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Cytoskeletal Organization and Cell Migration
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Research unit director
Projects

Regulation of Rho family GTPases by DOCK GEFs
The Rho proteins are Ras-like small GTPases acting as central players in shaping the cell actin skeleton. A major ongoing project in the lab is centered on the study of the DOCK180/ELMO complex and it role in promoting Rac-mediated cytoskeleton reorganization. This signalling pathway is evolutionarily conserved and the DOCK180 orthologues in the nematode C. elegans (Ced-5) and in Drosophila (Myoblast City) are involved in cell migration, axon guidance and myoblast fusion. We recently demonstrated the domains involved in Rac activation (DHR-2) and membrane targeting (the PIP3 binding module named DHR-1). Furthermore, we demonstrated the multifaceted mechanism of interaction between DOCK180 and ELMO proteins. This work establishes the foundation for further investigations on the exact roles of ELMO proteins in Rac signalling. Dr Côté’s group relies on biochemical, cellular, genetic and structural approaches in order to understand the role of the DOCK180/ELMO-Rac pathway(s) in cell migration.

Biological Processes Regulated by DOCK GEFs.
The biological functions of DOCK GEFs in mammals are poorly understood. We recently demonstrated that DOCK180 and DOCK5 are critical regulators of myoblast fusion using mouse mutant models. This phenotype is highly reminiscent of the myoblast fusion defects observed in flies with inactivated Myoblast City. We are now investigating the molecular players involved in myoblast fusion with the aim of identifying the biological mechanisms regulated by the DOCK180/Rac pathway. In addition, we are exploring the role of the DOCK180/DOCK5 GEFs in signalling initiated by myoblast fusion receptors, including Nephrin, during kidney development. In the long term, these studies will also provide important insight in molecular pathways implicated in diseases such as muscular dystrophies and nephrotic syndromes.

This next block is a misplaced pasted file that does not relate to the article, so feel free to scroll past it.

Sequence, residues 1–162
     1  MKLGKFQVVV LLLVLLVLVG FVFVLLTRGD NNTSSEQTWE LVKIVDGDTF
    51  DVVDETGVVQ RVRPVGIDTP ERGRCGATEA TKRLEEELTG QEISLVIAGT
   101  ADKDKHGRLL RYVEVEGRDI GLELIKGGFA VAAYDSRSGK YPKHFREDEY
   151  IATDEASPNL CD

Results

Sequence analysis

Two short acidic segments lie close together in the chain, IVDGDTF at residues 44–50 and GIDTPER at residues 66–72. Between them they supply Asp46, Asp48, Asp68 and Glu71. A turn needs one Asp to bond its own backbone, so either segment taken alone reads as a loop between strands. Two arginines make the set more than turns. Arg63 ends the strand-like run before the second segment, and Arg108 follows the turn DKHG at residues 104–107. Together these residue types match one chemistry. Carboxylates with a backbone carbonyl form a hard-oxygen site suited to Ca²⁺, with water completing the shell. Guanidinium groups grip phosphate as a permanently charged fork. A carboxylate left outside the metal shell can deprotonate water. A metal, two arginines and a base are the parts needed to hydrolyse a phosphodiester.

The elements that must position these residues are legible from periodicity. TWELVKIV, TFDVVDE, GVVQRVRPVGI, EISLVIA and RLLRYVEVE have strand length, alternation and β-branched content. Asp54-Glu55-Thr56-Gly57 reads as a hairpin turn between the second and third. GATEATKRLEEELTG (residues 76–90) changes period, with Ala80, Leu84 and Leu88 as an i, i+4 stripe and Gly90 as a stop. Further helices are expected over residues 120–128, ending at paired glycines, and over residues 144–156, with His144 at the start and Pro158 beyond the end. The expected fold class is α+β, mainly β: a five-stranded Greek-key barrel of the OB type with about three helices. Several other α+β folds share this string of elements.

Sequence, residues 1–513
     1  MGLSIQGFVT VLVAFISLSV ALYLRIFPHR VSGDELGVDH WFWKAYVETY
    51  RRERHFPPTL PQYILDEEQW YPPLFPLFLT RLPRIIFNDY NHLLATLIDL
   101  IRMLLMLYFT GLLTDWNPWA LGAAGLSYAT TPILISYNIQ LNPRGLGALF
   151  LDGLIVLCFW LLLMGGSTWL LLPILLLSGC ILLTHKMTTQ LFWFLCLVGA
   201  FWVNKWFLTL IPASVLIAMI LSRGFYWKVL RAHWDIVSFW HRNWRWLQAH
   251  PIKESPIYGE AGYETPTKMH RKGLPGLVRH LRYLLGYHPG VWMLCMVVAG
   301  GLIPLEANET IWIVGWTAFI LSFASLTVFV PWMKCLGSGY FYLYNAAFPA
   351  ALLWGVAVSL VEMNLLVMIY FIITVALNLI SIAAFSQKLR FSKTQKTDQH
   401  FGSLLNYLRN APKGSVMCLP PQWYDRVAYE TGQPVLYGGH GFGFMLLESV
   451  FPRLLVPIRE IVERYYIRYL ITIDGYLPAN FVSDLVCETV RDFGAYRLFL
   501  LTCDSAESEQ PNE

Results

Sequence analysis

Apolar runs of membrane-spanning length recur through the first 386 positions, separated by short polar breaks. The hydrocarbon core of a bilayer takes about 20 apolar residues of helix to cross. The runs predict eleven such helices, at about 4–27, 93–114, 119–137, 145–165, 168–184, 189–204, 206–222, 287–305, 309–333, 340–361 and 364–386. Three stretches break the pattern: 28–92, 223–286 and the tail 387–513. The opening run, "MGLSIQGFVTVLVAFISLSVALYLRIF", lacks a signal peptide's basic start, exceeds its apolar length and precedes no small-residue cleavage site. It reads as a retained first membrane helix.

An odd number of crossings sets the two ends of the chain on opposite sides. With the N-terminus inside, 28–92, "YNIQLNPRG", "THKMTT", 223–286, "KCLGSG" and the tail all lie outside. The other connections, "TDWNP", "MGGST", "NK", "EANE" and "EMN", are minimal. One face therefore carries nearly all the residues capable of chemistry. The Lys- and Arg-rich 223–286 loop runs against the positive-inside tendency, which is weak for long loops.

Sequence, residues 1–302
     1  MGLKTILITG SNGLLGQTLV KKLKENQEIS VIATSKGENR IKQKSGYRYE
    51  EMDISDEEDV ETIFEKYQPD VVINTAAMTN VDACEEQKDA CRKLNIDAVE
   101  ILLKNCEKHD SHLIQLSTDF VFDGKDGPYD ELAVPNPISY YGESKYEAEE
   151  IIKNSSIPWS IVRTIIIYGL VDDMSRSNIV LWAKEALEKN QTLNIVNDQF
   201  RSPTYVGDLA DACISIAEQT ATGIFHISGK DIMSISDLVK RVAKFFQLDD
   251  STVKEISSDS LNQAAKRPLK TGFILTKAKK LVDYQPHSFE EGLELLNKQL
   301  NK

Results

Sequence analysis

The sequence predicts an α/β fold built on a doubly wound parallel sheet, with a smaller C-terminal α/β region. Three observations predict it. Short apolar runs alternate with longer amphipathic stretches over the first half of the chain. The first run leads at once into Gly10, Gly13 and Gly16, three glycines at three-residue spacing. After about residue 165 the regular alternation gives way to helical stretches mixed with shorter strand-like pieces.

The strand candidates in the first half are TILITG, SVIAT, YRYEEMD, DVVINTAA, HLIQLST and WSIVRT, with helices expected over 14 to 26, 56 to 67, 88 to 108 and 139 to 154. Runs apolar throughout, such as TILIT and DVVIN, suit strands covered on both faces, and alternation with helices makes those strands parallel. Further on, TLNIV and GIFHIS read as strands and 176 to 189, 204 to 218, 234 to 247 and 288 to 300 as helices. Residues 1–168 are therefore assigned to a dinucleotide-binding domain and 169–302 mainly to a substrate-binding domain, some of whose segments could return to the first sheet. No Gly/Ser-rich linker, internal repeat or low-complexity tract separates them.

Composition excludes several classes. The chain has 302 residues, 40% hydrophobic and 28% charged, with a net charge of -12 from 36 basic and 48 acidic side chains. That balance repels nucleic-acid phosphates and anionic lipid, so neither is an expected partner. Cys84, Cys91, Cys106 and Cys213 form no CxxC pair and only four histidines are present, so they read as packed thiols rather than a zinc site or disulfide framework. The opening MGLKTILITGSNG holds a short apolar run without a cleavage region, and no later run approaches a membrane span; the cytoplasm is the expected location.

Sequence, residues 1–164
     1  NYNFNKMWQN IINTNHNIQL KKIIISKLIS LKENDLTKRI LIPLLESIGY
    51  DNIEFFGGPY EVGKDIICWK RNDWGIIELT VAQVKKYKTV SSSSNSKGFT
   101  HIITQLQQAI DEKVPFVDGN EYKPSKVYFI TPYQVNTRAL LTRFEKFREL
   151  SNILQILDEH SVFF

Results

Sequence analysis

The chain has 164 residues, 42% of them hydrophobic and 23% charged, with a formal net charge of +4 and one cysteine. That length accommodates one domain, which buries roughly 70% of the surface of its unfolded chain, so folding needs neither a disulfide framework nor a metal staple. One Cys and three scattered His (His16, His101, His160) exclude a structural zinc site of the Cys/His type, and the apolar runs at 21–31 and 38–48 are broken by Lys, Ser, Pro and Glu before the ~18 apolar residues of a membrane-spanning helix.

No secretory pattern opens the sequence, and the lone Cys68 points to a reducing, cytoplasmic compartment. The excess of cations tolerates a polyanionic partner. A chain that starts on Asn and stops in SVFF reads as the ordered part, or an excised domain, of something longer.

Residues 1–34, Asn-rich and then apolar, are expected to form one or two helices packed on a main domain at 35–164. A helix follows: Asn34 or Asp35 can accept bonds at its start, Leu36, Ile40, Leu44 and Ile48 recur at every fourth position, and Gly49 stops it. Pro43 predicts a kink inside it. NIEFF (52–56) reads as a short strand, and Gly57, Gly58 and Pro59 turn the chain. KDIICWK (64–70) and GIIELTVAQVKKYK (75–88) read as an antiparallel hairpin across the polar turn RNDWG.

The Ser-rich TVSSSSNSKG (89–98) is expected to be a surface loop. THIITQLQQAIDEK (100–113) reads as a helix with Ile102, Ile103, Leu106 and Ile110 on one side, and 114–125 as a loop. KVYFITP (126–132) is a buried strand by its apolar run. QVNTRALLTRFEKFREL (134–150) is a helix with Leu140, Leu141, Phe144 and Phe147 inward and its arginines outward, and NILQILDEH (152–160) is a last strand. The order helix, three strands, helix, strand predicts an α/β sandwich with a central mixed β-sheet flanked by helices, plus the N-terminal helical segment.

Receptor Tyrosine Kinases-Mediated Signalling pathways Driving Cell Invasion and Metastasis
Receptor Tyrosine Kinases (RTKs) are key cell surface molecule driving proliferation and survival and are also important signal transducers that promote cell invasion and metastasis in cancer. We are currently focusing on “metastatic” signalling pathways downstream of the HER-2 and Axl RTKs as this is the deadliest step of cancer progression. These two kinases are activated in a large number of human breast cancers where they promote tumour growth and dissemination to other sites of the body. Using transgenic mouse models, cell based assays, proteomic approaches and cell signalling technologies, we hope to define novel pathways that will be relevant for therapeutic targeting with the goal of preventing breast cancer spreading in patients.

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